Father-in-law denounces Stockholm jihadi

Swedish Muslim leaders decry suicide bomber's actions in Friday sermons, terrorist's in-law glad he is dead and gone.

311_Swedish suicide bomber (photo credit: ASSOCIATED PRESS)
311_Swedish suicide bomber
(photo credit: ASSOCIATED PRESS)
STOCKHOLM — The father-in-law of the Stockholm suicide bomber on Friday denounced the 28-year-old attacker as a brainwashed terrorist who rejected "all the good" that Sweden had given him.
In a letter to The Associated Press and other media, Ali Thwany said his daughter Mona was not aware that her husband, Taimour Abdulwahab, was plotting an attack, though she grew suspicious of his frequent travels.
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"We announce our dissociation with him," Thwany wrote. "All that happened is a personal matter connected to a rogue person bent on crimes and disillusioned by an unknown group."
Abdulwahab killed himself and injured two people Saturday when some of the bombs he was wearing exploded among panicked Christmas shoppers in downtown Stockholm.
Police suspect the explosives went off by mistake near a pedestrian street, and that he had planned to detonate them in a place where they would inflict more damage like a shopping center or train station.
In an audio message sent to the Swedish security service and the TT news agency before the explosion, Abdulwahab referred to Swedish troops in Afghanistan and a Swedish artist's drawing of the Prophet Muhammad as a dog, which angered Muslims. Abdulwahab also apologized to his family for misleading them, saying "I never went to the Middle East to work or to make money, I went for jihad."
As a child, Abdulwahab and his family left Iraq for Sweden in the early 1990s but he spent much of the past decade in Britain, where he lived with his wife and three young children.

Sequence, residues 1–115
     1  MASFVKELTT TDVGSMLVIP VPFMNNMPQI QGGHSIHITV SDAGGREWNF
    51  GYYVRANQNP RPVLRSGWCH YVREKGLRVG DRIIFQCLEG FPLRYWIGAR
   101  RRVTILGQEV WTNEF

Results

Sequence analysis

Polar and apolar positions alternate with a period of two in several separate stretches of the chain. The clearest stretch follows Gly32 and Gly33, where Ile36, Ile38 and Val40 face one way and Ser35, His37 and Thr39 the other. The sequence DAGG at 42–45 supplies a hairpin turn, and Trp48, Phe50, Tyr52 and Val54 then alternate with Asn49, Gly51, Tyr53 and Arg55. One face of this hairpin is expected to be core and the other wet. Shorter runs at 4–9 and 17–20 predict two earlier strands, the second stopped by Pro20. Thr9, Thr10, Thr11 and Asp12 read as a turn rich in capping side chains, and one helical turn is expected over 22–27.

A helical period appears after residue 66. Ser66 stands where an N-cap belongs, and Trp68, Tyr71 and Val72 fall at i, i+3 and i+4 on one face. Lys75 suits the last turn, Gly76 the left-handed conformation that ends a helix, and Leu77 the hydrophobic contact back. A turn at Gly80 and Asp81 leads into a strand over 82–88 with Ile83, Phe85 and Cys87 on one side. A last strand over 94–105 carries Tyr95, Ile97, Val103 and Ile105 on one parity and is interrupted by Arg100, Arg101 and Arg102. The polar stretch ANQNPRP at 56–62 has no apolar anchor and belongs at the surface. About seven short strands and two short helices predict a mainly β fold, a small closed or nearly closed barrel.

In the letter written in Arabic by the 53-year-old, Iraq-born Thwany, he said Abdulwahab had betrayed Sweden, "which gave us home and treated us well and offered us things that others, Arabs, non-Arabs, Muslims and non-Muslims, refrained from doing."

Referring to Abdulwahab as "Taimour the terrorist," Thwany said his daughter didn't know about his activities.
"She did not know anything about her criminal husband's movements," Thwany wrote, adding he felt no sorrow over Abdulwahab's death.
"On the contrary. I consider his end favorable to my daughter, who got her freedom and was saved from being brainwashed," he said.
Muslim leaders in Sweden condemned the attack during Friday prayers.
"We are true Muslims and a true Muslim has nothing to do with a terror act," Imam Ben Mahmoud Rahmeh told hundreds of worshippers at the Stockholm Mosque.
"Sweden is our country and its people are our people. What pleases the country pleases us. What hurts the nation hurts us," Rahmeh said.